Royally let down Afghan employees feel 'betrayed' by Britain

Interpreter for Prince Charles reveals colleagues stranded in Afghanistan are being 'taken from their homes' by Taliban

Afghan interpreter Nazir Ayeen has family left behind in his homeland. Photo: Nazir Ayeen

Prince Charles’s interpreter in Afghanistan has condemned the British government for failing to “stand shoulder to shoulder” with people it employed and leaving them at the mercy of the Taliban.

After the Foreign Office whistleblower allegations on the inept evacuation operation by politicians and officials, Nazir Ayeen told The National that Afghans feel “very, very betrayed”.

Foreign Office official Raphael Marshall, 25, revealed on Tuesday that only 5 per cent of the 150,000 Afghans who applied for the British evacuation were able to get out, leaving behind many to suffer Taliban retaliation.

The junior civil servant painted a grim picture of the UK’s response to the Taliban's takeover of Kabul in August, detailing bureaucratic chaos, a short-hours working culture and a stark lack of planning at the government department.

Mr Ayeen, who is now in Britain, described the whistleblower’s comments as “very accurate”.

“It was a disgraceful evacuation that the British government made in Afghanistan. I feel very, very betrayed,” said the former interpreter who translated during the visits of high-profile figures, including Prince Charles in 2010 and William Hague when he was Foreign Secretary.

“The whole process was very messy and confusing. It did not have trained and professional people installed on the planning who could recognise the danger that the people who had worked for foreign governments faced,” he said.

“I think there could have been other ways to evacuate Afghans, especially those who stood shoulder to shoulder with the British government to the very last point. They have been neglected in a bad way.”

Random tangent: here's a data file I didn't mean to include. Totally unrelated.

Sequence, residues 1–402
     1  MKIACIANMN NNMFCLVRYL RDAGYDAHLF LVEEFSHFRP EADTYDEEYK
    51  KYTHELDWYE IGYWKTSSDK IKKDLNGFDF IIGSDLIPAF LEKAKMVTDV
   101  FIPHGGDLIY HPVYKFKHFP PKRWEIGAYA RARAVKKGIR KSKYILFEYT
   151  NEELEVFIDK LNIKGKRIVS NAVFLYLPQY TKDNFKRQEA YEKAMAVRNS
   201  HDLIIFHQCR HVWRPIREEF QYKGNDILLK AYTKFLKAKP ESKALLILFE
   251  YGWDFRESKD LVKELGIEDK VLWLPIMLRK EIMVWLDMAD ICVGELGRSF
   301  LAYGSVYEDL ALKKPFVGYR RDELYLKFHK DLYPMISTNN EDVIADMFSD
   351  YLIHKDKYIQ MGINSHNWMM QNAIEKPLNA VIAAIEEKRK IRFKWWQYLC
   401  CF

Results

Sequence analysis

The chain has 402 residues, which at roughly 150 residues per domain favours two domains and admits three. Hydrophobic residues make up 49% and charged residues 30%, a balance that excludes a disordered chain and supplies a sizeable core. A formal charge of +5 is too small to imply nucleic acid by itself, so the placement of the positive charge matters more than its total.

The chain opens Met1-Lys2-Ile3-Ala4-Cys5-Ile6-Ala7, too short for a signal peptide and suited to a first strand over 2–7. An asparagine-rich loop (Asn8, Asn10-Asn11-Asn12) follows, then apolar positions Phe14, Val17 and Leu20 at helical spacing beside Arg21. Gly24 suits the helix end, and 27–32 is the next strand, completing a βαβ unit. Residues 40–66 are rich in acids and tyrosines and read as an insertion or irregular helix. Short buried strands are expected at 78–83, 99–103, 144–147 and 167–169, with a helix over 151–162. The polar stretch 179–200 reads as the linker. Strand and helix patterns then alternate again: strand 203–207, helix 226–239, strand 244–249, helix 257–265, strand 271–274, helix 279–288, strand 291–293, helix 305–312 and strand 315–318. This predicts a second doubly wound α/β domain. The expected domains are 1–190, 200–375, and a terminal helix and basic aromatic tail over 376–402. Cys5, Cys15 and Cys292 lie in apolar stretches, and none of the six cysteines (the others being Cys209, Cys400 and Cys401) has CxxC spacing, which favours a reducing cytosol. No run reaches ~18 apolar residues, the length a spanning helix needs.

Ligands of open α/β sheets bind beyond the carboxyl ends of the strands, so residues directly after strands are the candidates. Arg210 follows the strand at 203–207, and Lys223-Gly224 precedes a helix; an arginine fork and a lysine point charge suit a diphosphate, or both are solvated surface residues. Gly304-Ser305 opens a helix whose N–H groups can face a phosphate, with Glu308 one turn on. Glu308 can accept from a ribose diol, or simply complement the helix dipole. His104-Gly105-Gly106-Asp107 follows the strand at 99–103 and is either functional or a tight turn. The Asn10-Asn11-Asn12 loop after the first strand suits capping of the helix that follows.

Nazir Ayeen, centre, worked as interpreter for Prince Charles in Afghanistan. Photo: Nazir Ayeen

Mr Ayeen, 32, who interpreted on operations with the Royal Marines and the Scots Guards in Helmand for three years until 2010, said he knew of many Afghans left behind who are living in fear of retribution.

In evidence published by the UK's foreign affairs select committee on Tuesday, Mr Marshall, who worked for the Foreign, Commonwealth and Development Office during the evacuation, said that at one point he was the only person monitoring an email inbox where pleas for help were being directed.

He described the chaos of the “dysfunctional” operation in London while senior officials, including the then foreign secretary Dominic Raab, were on holiday.

The head of the Foreign Office, Sir Philip Barton, said he regretted taking a 17-day holiday during the peak of the crisis, only returning on August 26 – 11 days after the Taliban had captured the Afghan capital. “If I had my time again I would have come back from my leave earlier,” Sir Philip told MPs.

Mr Ayeen described Mr Raab’s decision to remain on holiday in the Mediterranean as a major error, suggesting it was the greatest "neglect of diplomatic priority in the history of diplomacy in the Foreign Office".

While the Taliban promised an amnesty for workers of foreign powers, their fighters took a different view. “I hear stories day by day of all the Taliban officers asking for people who worked with the UK and US governments," he said. "They have been taken out of their homes and not returned."

He recounted how his friend, a leading employee of the British, had been in the queue for evacuation when the Abbey Gate suicide bomb detonated at Kabul airport, killing 183 people.

“He lost his child," Mr Ayeen said. "He went to bury the boy and then, the next day, he went back to the airport and was refused entry. He now moves from house to house to avoid capture."

Having dealt with many leading political figures and worked as a political officer in the British embassy in Kabul, Mr Ayeen said he was surprised that the UK could not use its influence on Pakistan to pressure the Taliban “to negotiate a durable peace”.

His mother, two brothers and two sisters remain in Afghanistan.

Conservative MP Tom Tugendhat, an Afghanistan veteran and chairman of the British Parliament’s foreign affairs committee, said the “failures betrayed our friends and allies and squandered decades of British and Nato effort”.

He said it showed the evacuation operation to be “one of lack of interest and bureaucracy over humanity”.

Another MP, Nus Ghani, described a “humiliating reality shaming our international reputation", while fellow Conservative politician Alicia Kearns said the chaotic withdrawal was “a catastrophe of incomparable nature”.

Updated: December 7th 2021, 7:05 PM